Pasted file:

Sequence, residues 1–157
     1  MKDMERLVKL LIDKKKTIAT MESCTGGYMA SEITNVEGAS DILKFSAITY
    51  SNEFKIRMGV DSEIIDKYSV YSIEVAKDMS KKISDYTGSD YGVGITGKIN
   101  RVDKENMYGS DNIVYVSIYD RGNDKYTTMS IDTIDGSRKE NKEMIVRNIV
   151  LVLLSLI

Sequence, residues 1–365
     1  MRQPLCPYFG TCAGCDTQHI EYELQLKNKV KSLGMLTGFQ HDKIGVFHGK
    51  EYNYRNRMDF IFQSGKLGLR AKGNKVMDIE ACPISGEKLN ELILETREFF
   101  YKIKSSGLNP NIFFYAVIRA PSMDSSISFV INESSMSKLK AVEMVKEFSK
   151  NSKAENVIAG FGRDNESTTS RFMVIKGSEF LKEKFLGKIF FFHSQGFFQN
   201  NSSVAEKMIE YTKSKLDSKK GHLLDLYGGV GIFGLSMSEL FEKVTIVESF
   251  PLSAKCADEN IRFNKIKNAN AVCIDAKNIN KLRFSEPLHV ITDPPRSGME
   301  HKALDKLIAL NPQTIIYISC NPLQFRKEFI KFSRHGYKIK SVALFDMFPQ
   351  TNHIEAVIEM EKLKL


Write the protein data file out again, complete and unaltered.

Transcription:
Sequence, residues 1–157
     1  MKDMERLVKL LIDKKKTIAT MESCTGGYMA SEITNVEGAS DILKFSAITY
    51  SNEFKIRMGV DSEIIDKYSV YSIEVAKDMS KKISDYTGSD YGVGITGKIN
   101  RVDKENMYGS DNIVYVSIYD RGNDKYTTMS IDTIDGSRKE NKEMIVRNIV
   151  LVLLSLI

Sequence, residues 1–365
     1  MRQPLCPYFG TCAGCDTQHI EYELQLKNKV KSLGMLTGFQ HDKIGVFHGK
    51  EYNYRNRMDF IFQSGKLGLR AKGNKVMDIE ACPISGEKLN ELILETREFF
   101  YKIKSSGLNP NIFFYAVIRA PSMDSSISFV INESSMSKLK AVEMVKEFSK
   151  NSKAENVIAG FGRDNESTTS RFMVIKGSEF LKEKFLGKIF FFHSQGFFQN
   201  NSSVAEKMIE YTKSKLDSKK GHLLDLYGGV GIFGLSMSEL FEKVTIVESF
   251  PLSAKCADEN IRFNKIKNAN AVCIDAKNIN KLRFSEPLHV ITDPPRSGME
   301  HKALDKLIAL NPQTIIYISC NPLQFRKEFI KFSRHGYKIK SVALFDMFPQ
   351  TNHIEAVIEM EKLKL